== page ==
Figure 8. Hourly flow evolving
The integral of the curve of Figure 8 is the quantity of fluid which, in the course of the day, changes its temperature from 290 °C to 500 °C. The result of the integral, in the specific case, is 183,714 kg. Table 5 shows the energy losses (per unit of time) that occur during operation at 12:00 on July 21.
Table 5. Power balance
Power balance (kW) 

Reflected irradiance not incident on tube 
9.9 
0.31 % 
Irradiance absorbed into primary reflectors and lost by convection 
193.4 
6.00 % 
Irradiance absorbed in secondary reflector and lost by convection 
172.3 
5.36 % 
Irradiance absorbed into glass envelope and lost by convection 
57.0 
1.77 % 
Irradiance reflected from steel tube 
166.8 
5.17 % 
Power absorbed by the pipe and lost by irradiance 
128.0 
3.97 % 
Useful power absorbed by the fluid 
2,495.4 
77.42 % 
Total solar irradiance 
3,223.1 
100 % 
Figure 10 shows, instead, the performance trends as a function of solar irradiation.
Figure 11 shows graphically the influence of the outside air temperature on total efficiency, which is not very accentuated due to the presence of the glass envelope.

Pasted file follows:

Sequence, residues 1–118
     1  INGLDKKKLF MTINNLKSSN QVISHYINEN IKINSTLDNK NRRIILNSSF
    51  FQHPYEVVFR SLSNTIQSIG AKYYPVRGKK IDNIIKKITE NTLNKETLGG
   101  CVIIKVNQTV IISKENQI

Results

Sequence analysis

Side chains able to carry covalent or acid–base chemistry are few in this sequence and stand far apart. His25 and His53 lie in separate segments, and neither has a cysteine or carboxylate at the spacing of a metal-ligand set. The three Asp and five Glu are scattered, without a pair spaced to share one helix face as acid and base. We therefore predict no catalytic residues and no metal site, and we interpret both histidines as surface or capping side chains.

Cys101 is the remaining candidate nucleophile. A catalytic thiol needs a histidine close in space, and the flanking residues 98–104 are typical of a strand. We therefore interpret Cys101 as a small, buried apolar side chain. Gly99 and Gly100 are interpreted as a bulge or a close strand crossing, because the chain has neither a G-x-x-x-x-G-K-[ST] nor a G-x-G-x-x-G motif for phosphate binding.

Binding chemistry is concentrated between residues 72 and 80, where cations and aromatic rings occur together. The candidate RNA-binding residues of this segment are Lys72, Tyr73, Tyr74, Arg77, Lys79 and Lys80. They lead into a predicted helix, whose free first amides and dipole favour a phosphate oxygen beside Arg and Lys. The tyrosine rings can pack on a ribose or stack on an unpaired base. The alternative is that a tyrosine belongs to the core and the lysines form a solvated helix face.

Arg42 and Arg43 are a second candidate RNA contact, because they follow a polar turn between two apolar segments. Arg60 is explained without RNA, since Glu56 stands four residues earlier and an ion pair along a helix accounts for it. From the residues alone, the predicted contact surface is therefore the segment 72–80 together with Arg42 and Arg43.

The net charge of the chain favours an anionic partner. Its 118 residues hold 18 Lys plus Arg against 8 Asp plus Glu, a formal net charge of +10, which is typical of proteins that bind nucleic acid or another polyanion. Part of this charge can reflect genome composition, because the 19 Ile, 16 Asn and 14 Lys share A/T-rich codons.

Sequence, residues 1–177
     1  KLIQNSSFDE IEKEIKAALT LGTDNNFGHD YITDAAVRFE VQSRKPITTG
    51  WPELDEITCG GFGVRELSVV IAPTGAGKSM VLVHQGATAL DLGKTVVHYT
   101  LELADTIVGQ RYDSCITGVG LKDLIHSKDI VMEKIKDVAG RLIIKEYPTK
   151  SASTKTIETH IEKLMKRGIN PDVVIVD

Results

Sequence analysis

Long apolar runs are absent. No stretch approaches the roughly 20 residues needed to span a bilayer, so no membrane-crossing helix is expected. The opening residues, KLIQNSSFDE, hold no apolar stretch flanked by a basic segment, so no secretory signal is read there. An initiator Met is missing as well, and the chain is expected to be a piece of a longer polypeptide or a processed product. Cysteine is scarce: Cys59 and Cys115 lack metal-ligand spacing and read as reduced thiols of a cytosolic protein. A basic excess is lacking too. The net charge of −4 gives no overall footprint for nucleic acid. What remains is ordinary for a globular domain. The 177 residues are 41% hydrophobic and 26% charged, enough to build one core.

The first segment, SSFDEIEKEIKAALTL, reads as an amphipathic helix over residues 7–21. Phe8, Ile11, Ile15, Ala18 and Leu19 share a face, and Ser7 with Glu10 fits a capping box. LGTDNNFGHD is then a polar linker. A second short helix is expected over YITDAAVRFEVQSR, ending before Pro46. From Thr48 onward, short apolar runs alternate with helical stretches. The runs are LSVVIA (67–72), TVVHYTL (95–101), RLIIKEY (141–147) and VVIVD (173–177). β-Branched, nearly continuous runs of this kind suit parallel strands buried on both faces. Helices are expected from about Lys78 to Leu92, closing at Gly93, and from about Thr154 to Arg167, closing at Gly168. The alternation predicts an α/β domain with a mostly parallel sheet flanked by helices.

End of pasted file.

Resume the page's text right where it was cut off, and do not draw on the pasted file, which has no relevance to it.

Figure 12, finally, reports the efficiency trend under variable wind speed, which influences the external heat transfer coefficient h_{e} on the surface of the glass and, thus, the temperature of the outer tube.
Figure 9. Efficiency against emissivity coating
Figure 10. Efficiency as a function of irradiation
Figure 11. Effects of outside air temperature on the efficiency
Figure 12. Efficiency as a function of wind speed
Figure 13 shows the trends of fluid and other components temperatures, carried out for a plant of 100 meters length, with orientation NS, on 21 December at 12:00.
Figure 13. Temperature trends
In the first length, the temperature of the tube is maintained higher than the fluid, in the second part of the tube it drops rapidly going slightly below that of the fluid, which also reverses its slope. This occurs since the latter part of the absorber (of length k) is not affected by the reflected rays. In this length, in fact, the fluid is cooled as it gives thermal energy to the absorber tube that disperses through radiation to the outside. For this plant, placed at a latitude of 39°N on December 21 at 12:00, according to its geometric characteristics, the length of tube not illuminated k is about 10.4 meters. The yield in the winter solstice, drops down to 65%. The reduction is also due both to the low value of irradiation, which causes the reduction of the flow rate and, then, of the internal heat transfer coefficient and to the low outside air temperature, set equal to 5 °C.
Analysing the results deriving from the simulations, the efficiency curve of the first order is obtained, generally expressed by the following equation:
$\eta=\eta_{o}a_{1} \frac{\overline{T}_{f}T_{a e}}{I_{b n}}$ (24)
where: